News Sci/Tech Orion's First Test Drive: Evaluating Manual Handling Qualities
0
Spacecraft

Published :

Orion's First Test Drive: Evaluating Manual Handling Qualities

By Rachel H. Kraft

Astronauts are gearing up for an exciting milestone: the inaugural test drive of NASA's Orion spacecraft during the upcoming Artemis II mission. While many of Orion's maneuvers are automated, a crucial evaluation awaits—the proximity operations demonstration.

Proximity Operations Demonstration

During this approximately 70-minute test, set to occur about three hours into the mission, the crew will take the reins and command Orion through a series of moves. The focus? Assessing how well the spacecraft responds when astronauts are at the controls.

One key aspect of this test involves the detached upper stage of the Space Launch System (SLS) rocket. Known as the interim cryogenic propulsion stage (ICPS), this in-space propulsion component features an approximately two-foot target. The crew will guide Orion using translational and rotational hand controllers, ensuring precise alignment with the ICPS.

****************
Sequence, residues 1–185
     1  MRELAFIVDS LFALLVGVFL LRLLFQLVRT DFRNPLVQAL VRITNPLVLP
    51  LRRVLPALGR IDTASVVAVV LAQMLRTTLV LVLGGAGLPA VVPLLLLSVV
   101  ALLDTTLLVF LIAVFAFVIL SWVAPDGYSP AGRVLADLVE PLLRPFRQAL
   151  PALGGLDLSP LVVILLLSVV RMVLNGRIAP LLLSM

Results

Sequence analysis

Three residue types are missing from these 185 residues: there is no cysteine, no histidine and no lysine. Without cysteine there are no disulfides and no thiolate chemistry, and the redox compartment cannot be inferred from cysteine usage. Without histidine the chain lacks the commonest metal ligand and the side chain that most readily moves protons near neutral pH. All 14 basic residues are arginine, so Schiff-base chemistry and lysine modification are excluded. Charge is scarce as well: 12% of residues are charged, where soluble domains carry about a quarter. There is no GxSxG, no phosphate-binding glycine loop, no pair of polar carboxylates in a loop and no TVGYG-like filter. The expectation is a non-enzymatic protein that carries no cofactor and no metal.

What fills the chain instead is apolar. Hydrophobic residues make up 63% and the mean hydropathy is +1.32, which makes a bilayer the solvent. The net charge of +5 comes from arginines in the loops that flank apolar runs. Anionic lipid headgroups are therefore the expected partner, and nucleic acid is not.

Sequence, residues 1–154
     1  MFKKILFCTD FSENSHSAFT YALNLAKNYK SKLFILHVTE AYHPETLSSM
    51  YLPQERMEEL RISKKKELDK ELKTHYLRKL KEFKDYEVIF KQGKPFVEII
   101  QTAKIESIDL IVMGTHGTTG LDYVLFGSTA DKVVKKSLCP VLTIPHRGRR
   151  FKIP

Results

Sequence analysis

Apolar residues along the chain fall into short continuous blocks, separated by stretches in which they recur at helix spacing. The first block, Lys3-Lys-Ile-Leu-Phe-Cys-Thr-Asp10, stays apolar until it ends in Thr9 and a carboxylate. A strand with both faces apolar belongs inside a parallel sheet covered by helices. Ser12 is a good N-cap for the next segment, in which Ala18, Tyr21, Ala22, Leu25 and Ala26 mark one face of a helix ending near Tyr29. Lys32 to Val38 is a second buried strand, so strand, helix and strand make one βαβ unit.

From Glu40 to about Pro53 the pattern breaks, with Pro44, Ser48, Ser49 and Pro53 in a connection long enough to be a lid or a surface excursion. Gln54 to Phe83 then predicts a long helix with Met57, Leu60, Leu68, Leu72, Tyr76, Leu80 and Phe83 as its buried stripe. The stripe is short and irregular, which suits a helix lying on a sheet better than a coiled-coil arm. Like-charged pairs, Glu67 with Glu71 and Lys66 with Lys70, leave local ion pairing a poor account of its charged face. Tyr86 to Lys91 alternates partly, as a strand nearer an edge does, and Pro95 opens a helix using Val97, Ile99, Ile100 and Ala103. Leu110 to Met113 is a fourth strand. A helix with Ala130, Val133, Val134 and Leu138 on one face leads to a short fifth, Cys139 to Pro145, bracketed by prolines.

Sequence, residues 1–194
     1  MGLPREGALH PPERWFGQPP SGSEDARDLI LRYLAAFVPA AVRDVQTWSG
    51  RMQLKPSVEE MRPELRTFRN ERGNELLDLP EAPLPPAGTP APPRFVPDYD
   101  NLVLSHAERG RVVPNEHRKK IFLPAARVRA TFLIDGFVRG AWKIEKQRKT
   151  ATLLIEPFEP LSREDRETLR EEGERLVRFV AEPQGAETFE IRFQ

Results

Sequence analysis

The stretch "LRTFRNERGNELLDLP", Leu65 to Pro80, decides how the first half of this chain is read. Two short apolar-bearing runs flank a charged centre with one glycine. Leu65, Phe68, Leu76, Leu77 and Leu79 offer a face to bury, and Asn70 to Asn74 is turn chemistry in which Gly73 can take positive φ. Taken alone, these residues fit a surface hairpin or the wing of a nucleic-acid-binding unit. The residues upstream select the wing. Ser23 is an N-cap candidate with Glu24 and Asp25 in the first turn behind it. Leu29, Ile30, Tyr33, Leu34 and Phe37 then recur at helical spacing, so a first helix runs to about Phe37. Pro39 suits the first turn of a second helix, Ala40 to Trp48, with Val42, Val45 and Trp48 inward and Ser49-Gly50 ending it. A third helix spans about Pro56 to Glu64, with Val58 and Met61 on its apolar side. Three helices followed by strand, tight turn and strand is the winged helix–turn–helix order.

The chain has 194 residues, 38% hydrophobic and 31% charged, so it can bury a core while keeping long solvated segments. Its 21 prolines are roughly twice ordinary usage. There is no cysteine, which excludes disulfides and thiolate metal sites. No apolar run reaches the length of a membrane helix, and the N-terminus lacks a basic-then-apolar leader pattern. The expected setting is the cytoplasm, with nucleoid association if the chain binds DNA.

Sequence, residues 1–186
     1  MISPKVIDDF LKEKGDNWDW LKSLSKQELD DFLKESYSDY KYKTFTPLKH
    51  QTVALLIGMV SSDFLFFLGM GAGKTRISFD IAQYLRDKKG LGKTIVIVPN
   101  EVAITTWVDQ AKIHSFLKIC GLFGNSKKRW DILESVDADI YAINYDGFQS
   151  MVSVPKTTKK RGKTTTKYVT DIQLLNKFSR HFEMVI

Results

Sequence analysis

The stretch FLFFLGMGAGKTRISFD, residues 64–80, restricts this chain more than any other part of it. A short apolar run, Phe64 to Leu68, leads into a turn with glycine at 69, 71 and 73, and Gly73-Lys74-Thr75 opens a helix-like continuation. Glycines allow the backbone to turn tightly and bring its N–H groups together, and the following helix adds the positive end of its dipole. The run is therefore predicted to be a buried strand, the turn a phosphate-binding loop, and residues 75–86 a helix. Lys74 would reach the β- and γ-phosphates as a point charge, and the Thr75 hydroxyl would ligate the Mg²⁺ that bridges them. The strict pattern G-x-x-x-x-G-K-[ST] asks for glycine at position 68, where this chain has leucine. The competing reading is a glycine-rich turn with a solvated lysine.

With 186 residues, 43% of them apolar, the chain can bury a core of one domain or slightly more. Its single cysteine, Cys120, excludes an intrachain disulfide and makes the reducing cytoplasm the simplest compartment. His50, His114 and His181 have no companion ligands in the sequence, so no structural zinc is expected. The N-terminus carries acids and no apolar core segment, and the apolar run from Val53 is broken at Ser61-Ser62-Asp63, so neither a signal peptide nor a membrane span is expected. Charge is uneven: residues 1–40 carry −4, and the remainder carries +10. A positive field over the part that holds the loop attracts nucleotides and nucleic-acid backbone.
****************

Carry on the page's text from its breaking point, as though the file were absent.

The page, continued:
Why Is This Test Important?

“There are always differences between a ground simulation and what an actual spacecraft will fly like in space,” explains Brian Anderson, Orion rendezvous, proximity operations, and docking manager at NASA’s Johnson Space Center. “The demonstration helps us reduce risk for future missions involving rendezvous and docking with other spacecraft.”

Orion's Maneuvers

Once safely in space, Orion will separate from the Moon rocket's upper stage. The crew will initiate an automated backflip, positioning Orion to face the stage. As they approach within approximately 30 feet, the crew will meticulously evaluate the spacecraft's fine handling qualities.

Orion's performance during these close maneuvers will inform future missions, including rendezvous with other spacecraft, such as Starship on Artemis III and the Gateway.

With this test drive, Orion is poised to prove its mettle as humanity's vehicle for venturing farther into the cosmos.

  • Reactions

    0
    0
    0
    0
    0
    0

    Your email address will not be published. Required fields are marked *